"It's a good thing tears never show in the pouring rain." - Robyn

I know,I know. More tears. More heartbreak. What can I tell you? I'm a sucker for that stuff.

Loading article content

But before we get into that maybe this is a good time to admit to the odd home truth here. This blog has now covered 55 years and of those I'd been alive for 43 of them or thereabouts. And the closer we get to the present day the harder it is for me to select. That's not because I had too much to choose from. It's because I know I know less than I did about music.

That's partly because I'm not listening religiously to Gideon Coe and Ken Bruce every day (that covers the bases,right?) and so even with the input of social media I'd have to admit that I'm probably of an age where you wouldn't really expect me to have my finger on the pulse any more. Having a pulse is enough, I find.

But more than that - and more important than that in a way - is that I have a history with music and that has its own pull. And so when I first heard Amy Winehouse, for example, it reminded me that I loved the sixties girl groups when I was a kid and rediscovered them in my twenties. Winehouse's Back to Black speaks to that love and there's a pleasure in buying into this new version. Because in some way it speaks to my own story.

You could say the same about this week's choice. Robyn's Be Mine reminds me of Madonna - Papa Don't Preach era mostly - and how much I loved the material girl once and how when I first saw her my then girlfriend admitted to being jealous because I voiced that appreciation.

The echoes of music I once loved is, almost inevitably, an extra hook. It has a pull to it that perhaps snags me more than it should but I reckon it's kind of inevitable.

That said, Robyn is also a signifier for a very noughties pop development - the apotheosis of Scandipop. From Abba via the Sugarcubes and the Cardigans, the Nordic countries always had a presence in pop culture since the seventies, but in the noughties they took over and started doing everything Britain used to do with pop - approach it with a accessible intelligence and a quirky novelty. And that stretches from the avant garde leanings of Bjork and Sigur Ros to the indie melancholy of The Radio Dept to the full-fat in-your-face pop of Junior Senior and Alphabeat.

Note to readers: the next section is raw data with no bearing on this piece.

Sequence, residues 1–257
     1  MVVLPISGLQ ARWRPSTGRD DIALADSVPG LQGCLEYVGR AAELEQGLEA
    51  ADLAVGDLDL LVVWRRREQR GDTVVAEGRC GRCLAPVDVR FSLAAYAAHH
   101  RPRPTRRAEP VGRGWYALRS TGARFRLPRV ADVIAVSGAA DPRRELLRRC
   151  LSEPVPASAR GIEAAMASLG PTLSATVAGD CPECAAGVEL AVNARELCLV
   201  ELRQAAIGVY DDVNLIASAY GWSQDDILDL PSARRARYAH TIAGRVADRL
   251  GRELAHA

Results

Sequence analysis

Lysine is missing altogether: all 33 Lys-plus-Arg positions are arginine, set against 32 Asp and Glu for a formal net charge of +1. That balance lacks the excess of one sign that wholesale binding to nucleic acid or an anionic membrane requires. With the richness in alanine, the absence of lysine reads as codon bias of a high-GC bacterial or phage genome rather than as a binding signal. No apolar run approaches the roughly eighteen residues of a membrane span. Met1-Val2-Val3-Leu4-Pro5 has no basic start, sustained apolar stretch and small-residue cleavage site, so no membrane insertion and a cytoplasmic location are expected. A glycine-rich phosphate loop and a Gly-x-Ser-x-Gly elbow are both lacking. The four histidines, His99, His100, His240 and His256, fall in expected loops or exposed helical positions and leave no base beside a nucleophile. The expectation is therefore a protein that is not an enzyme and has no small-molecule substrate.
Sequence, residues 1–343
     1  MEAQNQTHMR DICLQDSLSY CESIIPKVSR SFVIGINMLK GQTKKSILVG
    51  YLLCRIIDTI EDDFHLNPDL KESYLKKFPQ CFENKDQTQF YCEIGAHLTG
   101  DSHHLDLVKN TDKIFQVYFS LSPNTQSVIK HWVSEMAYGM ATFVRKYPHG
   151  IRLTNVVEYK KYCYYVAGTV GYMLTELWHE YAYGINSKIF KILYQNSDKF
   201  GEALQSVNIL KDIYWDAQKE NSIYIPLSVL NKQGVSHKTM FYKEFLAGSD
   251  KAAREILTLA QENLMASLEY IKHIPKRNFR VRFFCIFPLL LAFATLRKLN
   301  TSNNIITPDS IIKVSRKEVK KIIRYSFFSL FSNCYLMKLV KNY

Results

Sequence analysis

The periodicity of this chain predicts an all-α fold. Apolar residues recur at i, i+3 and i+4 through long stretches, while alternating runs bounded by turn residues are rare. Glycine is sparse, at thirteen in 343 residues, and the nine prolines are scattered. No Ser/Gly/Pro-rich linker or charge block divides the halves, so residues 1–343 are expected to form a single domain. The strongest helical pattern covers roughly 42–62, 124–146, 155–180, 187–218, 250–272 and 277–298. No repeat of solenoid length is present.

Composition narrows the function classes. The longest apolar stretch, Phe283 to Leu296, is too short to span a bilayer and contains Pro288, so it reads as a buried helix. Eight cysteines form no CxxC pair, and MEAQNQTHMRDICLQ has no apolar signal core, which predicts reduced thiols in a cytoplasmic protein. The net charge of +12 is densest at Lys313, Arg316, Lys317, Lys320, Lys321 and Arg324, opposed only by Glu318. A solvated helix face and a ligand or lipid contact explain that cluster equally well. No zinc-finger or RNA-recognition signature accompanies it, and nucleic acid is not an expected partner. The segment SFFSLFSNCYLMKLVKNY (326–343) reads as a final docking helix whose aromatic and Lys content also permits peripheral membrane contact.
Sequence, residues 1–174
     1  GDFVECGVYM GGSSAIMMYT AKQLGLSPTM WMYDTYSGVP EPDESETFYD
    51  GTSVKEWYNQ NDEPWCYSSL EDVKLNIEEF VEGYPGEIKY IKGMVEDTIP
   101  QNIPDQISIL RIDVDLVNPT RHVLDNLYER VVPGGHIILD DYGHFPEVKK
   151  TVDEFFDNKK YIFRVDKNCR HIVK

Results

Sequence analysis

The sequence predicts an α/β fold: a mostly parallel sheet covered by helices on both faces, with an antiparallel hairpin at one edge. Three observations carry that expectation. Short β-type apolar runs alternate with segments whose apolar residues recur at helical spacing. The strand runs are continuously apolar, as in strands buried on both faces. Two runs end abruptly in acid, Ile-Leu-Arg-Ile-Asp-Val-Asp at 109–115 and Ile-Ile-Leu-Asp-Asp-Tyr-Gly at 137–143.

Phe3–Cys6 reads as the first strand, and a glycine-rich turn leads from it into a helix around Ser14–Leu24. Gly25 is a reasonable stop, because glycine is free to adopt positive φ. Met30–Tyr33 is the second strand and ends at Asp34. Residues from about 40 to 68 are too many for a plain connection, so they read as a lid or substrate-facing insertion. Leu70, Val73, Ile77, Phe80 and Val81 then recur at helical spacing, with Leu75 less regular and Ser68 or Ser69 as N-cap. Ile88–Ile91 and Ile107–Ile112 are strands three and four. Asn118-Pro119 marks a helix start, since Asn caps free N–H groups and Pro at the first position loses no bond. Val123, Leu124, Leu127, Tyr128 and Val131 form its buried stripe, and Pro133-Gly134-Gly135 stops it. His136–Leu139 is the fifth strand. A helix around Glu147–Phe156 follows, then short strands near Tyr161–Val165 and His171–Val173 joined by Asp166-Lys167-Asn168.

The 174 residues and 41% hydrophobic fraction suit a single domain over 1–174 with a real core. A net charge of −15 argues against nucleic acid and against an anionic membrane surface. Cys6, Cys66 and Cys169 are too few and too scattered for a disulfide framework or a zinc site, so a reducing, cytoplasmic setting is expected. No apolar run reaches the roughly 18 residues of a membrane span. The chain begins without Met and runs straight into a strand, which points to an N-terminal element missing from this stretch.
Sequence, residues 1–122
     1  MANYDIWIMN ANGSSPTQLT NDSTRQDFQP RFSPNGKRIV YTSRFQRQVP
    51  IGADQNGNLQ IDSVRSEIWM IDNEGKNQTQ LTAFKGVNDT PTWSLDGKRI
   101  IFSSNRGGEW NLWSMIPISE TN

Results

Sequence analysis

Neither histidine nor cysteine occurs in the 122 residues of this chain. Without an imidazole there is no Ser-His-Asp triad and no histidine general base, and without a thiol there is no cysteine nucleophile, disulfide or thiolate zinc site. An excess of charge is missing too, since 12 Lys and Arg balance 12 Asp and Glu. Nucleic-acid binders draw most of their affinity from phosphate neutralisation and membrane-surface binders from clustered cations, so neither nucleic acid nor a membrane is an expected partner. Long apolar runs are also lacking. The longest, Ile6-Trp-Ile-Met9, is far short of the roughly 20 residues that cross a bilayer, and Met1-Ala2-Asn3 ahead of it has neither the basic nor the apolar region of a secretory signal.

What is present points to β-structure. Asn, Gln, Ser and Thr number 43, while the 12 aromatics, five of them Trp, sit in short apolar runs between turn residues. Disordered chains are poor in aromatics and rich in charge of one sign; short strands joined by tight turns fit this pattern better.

Robyn might be the perfect median in this spectrum. She is approachable yet fashion-forward (that angular haircut setting off her baby face: NB there's a book to be written about pop haircuts, I reckon), mainstream-friendly, but spiky with it. If Sweden's Annie treats boys like chewing gum, Robyn takes more of a sorrow-than-anger approach to men's failings. But she will call them out for them too.

All of which makes the heartache apparent in Be Mine all the more intense. There's a story of a boy and girl here that's both universal and specific (that detail of the new girl wearing the scarf Robyn gave the boy gets me every time).

Pop songs can be about whatever you want them to be about. There are no limits on the form. But the reason that it keeps coming back again and again to love and romance is not just commerce and custom. It's because for all of us there are times in our life that this stuff matters.

Or maybe I just never got over that girl in primary school.

To be honest 2007 was a rough year for me. Family illness. Grief. The usual stuff that comes to you at a certain age. If I'm honest, the song I listened to most that year was an album track on Tracey Thorn's Out of the Woods album. Hands Up to the Ceiling was a short scrap of a song that kicked my heart in every time I listened to it. Sung in that gorgeous dolorous voice, it's a song about remembering what it was like to be young and the things you loved then and how quickly, how easily they slipped away until you woke up and realised you'd never feel like you did that again.

But listening to it felt like picking a scab. Robyn's heartbreak felt a more generalised emotion. It's something I recognised but it didn't hit quite so close to home as it might have 20 years before. And at the time maybe that distance was what I needed.

Anyway, I love Be Mine more than With Every Heartbeat - Robyn's other knockout pop classic in 2007 - for lots of other reasons. For the stripped-back arrangement, for the tish-tish-tish of the synthetic beats, for that slight accent she has when she sings, for the talky bit (every pop song should have a talky bit), for the scene in the video where Robyn smiles and you think maybe there's a tomorrow. I like it because I think Madonna could sing it, because of that kicking haircut and because of the way the track finishes on a rushing breath.

I like it just because. What other reason do you need?

Other Contenders

With Every Heartbeat, Robyn and Kleerup

Hands Up to the Ceiling, Tracey Thorn

To Build a Home, Cinematic Orchestra

The Park, Feist (mostly for that note she holds and holds and holds near the end)

Golden Skans,Klaxons

Umbrealla, Rihanna

Leslie, King Creosote

Weird Fishes/Arpeggi, Radiohead

Paper Planes, M.I.A.

Song 4 Mutya,Groove Armada [featuring Mutya Buena]

Overpowered, Roisin Murphy

Take Control, Amerie

Crush, Amerie

The NME Single of the Year: Golden Skans, Klaxons

Festive 50 Winner: Atlas,Battles

And the Year's Best-Selling Single: Bleeding Love, Leona Lewis